With protesters in the audience chanting, ringing cowbells and waving red umbrellas, the AIDS 2012 session couldn’t be called completely congenial.
But there was plenty of comity on the dais, as former Senate Majority Leader Bill Frist and four members of Congress Wednesday praised each others parties’ efforts in fighting AIDS and urged their colleagues to put down their political differences – even in an election year – and keep AIDS a legislative priority.
Fighting AIDS has long been a bipartisan issue,said Dr. Frist, a former Republican senator from Tennessee.
Rep. Barbara Lee, California Democrat, recalled that when the Congressional Black Caucus went to meet with newly inaugurated President George W. Bush, “HIV and AIDS was at the top of our agenda.”
“President Bush got it, right away,” she said, and soon House leaders, including Republican Rep. Henry Hyde of Illinois and Democrat Reps. Tom Lantos of California and Donald Payne of New Jersey, were pushing forward a bill that would become the President’s Emergency Plan for AIDS Relief (PEPFAR).
Dr. Frist, who championed PEPFAR in the Senate with fellow Republican Richard Lugar of Indiana and Democrat Sens. John Kerry of Massachusetts and Tom Daschle of South Dakota, recalled the initial difficulties in lifting the 1980s travel ban on HIV-positive people to the United States.
But eventually, Congress incorporated the end of the ban into its new PEPFAR law, Mr. Bush signed it and President Obama officially lifted the ban when he took office.
Mr. Bush’s announcement in 2003 about putting $15 billion into fighting AIDS, malaria and tuberculosis in other countries came as “a shock” to both Republicans and Democrats, said Sen. Mike Enzi, Wyoming Republican.
But PEPFAR “passed both House and Senate unanimously, unamended, in two months. That never happens,” said Mr. Enzi, who has traveled to Africa at least seven times to stay abreast with anti-AIDS efforts.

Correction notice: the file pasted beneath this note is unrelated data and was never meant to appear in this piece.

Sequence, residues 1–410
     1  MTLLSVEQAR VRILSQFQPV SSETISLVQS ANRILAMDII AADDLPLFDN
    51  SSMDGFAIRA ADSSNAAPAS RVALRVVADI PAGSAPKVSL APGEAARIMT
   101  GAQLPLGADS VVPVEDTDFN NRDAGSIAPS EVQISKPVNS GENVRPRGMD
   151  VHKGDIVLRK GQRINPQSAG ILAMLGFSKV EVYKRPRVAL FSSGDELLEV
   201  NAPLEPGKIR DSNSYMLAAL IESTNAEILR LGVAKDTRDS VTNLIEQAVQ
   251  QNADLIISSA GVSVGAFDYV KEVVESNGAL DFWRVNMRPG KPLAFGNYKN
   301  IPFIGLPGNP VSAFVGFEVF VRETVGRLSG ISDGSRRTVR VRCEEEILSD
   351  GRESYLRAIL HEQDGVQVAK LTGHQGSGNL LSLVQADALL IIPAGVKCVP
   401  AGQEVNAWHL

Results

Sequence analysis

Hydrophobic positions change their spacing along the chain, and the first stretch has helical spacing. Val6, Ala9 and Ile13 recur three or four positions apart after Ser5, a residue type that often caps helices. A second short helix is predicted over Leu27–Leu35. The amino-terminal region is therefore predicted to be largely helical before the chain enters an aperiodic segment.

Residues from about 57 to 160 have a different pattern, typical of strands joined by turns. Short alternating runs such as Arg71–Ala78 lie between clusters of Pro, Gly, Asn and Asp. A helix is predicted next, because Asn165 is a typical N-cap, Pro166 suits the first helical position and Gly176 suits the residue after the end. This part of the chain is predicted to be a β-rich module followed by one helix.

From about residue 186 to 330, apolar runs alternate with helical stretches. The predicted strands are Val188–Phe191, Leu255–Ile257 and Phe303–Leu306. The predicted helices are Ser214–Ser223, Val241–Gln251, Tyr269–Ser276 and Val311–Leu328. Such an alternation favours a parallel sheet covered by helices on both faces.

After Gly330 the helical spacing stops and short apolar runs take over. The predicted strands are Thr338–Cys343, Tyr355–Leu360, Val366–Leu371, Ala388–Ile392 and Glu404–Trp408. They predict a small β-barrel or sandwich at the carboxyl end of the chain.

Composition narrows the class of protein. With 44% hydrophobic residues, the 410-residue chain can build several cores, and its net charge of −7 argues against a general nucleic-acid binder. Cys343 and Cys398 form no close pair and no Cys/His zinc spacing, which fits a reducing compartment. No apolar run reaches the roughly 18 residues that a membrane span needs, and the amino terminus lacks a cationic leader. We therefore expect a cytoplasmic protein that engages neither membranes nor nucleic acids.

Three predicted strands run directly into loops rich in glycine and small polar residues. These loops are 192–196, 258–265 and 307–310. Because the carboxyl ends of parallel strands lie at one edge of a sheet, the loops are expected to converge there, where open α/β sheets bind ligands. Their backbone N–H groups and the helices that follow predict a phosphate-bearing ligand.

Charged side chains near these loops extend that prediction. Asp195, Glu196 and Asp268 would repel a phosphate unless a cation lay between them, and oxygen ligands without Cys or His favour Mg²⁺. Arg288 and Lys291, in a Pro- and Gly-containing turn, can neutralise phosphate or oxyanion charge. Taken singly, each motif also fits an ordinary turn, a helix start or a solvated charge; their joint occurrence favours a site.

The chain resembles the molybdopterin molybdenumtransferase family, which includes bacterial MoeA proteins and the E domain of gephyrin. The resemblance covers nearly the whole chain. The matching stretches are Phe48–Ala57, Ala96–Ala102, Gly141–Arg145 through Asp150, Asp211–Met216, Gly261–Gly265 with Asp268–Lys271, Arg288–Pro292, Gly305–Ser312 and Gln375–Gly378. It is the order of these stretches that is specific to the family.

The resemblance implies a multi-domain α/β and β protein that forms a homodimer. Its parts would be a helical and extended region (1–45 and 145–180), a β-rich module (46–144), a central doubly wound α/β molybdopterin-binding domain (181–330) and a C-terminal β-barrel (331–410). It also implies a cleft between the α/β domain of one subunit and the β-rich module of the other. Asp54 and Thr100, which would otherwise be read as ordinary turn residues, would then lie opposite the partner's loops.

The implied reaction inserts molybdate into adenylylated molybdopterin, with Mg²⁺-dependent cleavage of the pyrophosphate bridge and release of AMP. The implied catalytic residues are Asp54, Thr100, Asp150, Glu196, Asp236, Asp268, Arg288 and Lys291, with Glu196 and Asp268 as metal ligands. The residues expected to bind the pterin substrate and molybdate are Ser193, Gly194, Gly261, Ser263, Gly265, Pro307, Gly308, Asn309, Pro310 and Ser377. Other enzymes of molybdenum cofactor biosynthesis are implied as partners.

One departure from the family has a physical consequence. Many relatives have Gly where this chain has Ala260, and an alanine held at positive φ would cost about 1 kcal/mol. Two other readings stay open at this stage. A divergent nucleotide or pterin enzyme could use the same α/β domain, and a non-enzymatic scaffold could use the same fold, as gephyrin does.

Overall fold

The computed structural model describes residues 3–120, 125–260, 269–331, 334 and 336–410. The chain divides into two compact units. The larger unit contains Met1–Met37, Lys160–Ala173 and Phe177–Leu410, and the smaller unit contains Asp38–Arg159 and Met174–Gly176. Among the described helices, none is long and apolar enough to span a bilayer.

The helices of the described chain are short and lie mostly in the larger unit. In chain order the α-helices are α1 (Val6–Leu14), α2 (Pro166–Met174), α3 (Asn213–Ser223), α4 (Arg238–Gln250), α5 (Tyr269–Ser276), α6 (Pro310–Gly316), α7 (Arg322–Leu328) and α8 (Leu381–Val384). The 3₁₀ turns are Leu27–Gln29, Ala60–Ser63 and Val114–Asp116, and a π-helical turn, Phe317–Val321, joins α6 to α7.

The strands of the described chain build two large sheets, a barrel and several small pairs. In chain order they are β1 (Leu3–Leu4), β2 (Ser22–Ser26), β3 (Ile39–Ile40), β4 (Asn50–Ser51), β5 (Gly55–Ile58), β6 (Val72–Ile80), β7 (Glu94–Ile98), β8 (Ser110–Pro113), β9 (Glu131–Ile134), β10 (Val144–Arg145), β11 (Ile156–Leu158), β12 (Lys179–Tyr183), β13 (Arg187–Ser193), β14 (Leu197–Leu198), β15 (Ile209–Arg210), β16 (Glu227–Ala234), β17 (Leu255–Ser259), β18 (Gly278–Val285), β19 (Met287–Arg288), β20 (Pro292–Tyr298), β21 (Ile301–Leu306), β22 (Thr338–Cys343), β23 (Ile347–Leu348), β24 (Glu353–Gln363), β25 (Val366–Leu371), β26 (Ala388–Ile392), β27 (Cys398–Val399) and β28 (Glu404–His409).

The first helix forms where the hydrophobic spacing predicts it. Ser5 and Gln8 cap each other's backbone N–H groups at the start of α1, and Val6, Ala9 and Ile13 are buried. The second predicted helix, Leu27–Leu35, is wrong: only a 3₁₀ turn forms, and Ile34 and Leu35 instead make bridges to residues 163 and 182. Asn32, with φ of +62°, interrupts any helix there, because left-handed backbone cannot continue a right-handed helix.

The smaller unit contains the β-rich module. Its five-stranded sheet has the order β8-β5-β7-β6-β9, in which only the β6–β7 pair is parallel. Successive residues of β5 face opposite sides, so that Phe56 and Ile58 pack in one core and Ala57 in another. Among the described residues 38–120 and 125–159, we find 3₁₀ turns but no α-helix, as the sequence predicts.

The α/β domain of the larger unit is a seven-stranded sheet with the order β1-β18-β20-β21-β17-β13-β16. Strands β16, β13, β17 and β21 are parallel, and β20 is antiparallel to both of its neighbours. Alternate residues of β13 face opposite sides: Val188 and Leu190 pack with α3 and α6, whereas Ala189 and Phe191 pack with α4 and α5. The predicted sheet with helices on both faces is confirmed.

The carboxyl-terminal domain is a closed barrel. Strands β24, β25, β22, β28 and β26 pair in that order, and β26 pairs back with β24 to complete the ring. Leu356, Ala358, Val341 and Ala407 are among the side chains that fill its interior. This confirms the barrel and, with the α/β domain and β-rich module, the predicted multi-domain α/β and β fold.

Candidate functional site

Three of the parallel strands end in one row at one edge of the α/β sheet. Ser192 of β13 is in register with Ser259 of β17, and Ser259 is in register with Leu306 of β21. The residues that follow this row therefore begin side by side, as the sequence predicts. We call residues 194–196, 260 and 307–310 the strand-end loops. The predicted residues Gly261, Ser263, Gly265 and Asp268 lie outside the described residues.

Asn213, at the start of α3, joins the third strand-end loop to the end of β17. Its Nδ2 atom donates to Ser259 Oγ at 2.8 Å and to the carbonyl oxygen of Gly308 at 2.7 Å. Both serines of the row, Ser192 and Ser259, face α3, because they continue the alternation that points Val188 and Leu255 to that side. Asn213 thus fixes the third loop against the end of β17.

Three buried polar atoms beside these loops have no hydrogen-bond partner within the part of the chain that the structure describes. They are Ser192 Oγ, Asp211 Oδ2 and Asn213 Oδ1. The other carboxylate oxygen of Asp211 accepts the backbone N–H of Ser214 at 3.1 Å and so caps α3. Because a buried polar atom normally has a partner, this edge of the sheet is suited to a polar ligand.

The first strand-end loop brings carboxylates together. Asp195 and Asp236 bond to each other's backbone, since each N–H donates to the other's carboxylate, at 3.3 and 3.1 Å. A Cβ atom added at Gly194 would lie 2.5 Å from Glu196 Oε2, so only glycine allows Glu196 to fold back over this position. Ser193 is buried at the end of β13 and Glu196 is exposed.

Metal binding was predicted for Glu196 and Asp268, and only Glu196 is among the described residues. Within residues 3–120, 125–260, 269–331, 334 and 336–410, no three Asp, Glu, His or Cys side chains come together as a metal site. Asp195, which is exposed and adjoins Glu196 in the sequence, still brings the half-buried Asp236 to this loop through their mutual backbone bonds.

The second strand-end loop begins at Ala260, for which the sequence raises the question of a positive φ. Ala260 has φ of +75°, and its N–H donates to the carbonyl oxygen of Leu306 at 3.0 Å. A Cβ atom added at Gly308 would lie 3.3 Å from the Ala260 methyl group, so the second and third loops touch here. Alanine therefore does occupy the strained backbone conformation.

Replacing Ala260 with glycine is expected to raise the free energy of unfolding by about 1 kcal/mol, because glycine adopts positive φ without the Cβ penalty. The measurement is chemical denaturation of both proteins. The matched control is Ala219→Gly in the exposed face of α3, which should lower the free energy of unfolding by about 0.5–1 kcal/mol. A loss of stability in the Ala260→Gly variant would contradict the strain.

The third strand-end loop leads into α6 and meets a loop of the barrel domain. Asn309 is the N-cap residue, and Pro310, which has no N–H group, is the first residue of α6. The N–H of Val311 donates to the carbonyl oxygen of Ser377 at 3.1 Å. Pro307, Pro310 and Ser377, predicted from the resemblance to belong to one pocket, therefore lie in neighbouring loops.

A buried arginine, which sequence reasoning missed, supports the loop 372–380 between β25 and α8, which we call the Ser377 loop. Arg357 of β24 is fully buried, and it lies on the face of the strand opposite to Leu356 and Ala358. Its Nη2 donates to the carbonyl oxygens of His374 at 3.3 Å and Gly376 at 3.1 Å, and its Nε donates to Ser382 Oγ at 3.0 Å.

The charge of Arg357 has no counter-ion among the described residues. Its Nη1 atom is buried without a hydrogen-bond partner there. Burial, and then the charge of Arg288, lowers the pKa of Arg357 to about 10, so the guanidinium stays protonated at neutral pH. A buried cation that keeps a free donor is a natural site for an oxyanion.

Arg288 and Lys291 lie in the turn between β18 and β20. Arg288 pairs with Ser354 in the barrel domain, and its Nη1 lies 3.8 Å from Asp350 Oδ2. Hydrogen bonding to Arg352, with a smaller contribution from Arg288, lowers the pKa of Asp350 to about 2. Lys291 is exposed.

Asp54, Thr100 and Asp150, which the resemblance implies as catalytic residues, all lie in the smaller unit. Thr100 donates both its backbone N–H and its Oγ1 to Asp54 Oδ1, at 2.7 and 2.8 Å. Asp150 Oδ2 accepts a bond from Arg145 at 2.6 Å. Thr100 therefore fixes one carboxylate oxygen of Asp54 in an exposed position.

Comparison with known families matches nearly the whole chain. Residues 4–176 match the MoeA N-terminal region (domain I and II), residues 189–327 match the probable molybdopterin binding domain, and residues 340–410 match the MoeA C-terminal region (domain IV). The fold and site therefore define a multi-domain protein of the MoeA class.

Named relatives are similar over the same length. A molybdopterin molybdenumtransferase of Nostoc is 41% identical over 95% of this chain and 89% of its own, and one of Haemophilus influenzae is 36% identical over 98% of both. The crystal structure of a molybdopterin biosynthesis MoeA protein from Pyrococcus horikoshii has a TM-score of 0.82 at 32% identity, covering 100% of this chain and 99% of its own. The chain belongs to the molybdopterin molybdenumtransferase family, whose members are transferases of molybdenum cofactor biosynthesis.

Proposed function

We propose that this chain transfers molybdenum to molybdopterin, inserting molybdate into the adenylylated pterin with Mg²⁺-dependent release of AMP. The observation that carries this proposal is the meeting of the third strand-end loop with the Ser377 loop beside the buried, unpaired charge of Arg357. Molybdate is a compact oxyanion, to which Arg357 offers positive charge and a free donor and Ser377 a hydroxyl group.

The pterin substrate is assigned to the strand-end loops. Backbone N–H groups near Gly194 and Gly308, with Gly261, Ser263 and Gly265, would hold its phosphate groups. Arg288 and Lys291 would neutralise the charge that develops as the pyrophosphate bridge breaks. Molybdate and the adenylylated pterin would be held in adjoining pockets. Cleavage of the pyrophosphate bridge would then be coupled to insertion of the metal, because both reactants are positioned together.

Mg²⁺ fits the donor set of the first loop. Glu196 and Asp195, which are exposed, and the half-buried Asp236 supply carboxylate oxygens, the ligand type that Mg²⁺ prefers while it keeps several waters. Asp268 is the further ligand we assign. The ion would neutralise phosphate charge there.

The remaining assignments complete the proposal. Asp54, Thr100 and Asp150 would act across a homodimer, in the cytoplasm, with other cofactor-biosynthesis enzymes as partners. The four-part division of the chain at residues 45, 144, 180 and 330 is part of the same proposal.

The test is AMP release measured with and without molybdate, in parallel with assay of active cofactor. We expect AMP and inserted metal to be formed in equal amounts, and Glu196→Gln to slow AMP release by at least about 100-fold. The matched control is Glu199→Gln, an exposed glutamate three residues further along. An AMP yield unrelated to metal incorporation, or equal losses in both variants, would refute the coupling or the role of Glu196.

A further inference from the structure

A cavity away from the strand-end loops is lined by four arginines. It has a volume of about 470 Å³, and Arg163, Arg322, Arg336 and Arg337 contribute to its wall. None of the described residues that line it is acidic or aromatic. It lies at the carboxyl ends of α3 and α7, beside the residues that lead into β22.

Despite Congress being in one of the “rockiest” stretches of partisanship in a long time, fighting AIDS is an issue of “refreshing bipartisanship,” said Sen. Chris Coons, Delaware Democrat, who in the 1980s visited several African countries and witnessed the disease “roaring” through villages.
“There are so many other areas where we need bipartisanship. I am just grateful that this has been one” where U.S. leadership, at home and abroad, has been sustained in a bipartisan way, and it should continue, said Mr. Coons, who recommended the United States “double down” on investments for AIDS.
The goal is to “innovate and cure our way out of this. That, I think, is in keeping with the optimism and the entrepreneurship of the American character,” added Mr. Coons.
The nation should not lose its sense of emergency about HIV/AIDS, said Sen. Marco Rubio, Florida Republican. “The closer we get to the finish line is not the time to ease up.”
The hour-long session at the 19th International AIDS Conference in Washington, D.C., was punctuated by protesters with red umbrellas and signs calling to an end to the “criminalization” of sex workers, drug addicts and other marginalized groups with AIDS.
“Sex workers’ rights are human rights,” they chanted. “Rubio Make Mitt End AIDS,” said one sign.
Dr. Frist managed their protests, sometimes allowing them to demonstrate and then kindly but firmly insisting they quiet down so the hundreds of people in the audience could hear the lawmakers. “I’m used to this, [after] being majority leader,” Dr. Frist added wryly.